These three levels of sharpening leave the wood feeling only marginally different, look virtually the same and are all sufficiently finished for sanding and finishing
What does ‘sharp’ really mean in real terms? Sharpness is a relative term. One day everyone will believe that that the only best edge is one with a micro-bevel sharpened with a honing guide and polished out to somewhere between 15-25,000 grit. Such is the dynamism of living on cutting edge technology. Once persuaded toward this methodology, it’s difficult to shift to any alternative that doesn’t have at least the appearance of being more demanding. And it’s this rigid strategy that somehow displaced the more free-forming methods of past craftsmen who , well, simply sharpened and got back to work. This blogpost might help to cast a different, alternative light on what is effectively a simple task complicated by, dare I say it, over-information.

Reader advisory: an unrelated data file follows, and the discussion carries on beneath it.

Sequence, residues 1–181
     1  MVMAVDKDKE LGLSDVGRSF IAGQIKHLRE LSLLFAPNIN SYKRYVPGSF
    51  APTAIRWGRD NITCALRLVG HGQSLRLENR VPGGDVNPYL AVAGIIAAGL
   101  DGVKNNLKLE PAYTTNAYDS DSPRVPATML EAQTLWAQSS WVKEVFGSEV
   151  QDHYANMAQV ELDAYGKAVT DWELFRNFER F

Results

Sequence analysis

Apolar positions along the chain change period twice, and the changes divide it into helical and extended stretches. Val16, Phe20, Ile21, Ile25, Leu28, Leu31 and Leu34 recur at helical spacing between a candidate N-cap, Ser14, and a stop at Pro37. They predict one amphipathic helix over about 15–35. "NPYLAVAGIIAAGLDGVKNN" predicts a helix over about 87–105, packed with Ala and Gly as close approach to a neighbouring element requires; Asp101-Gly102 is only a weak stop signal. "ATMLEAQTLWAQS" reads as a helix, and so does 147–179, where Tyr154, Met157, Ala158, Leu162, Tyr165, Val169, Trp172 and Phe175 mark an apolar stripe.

More controversy surrounds the essentiality of sharpness today than ever in the history of woodworking. I think it could be another of those things created by disposable time and disposable income. The question I ask myself is is it obsessive to know more about the steel and give it new titles and facts about edge retention than to know what the tool with the edge can and cannot do? Is it more important to sharpen to tens of thousands of grit sizes than to be able to plane the edge of a door to fit without binding or level two adjacent surfaces in a frame?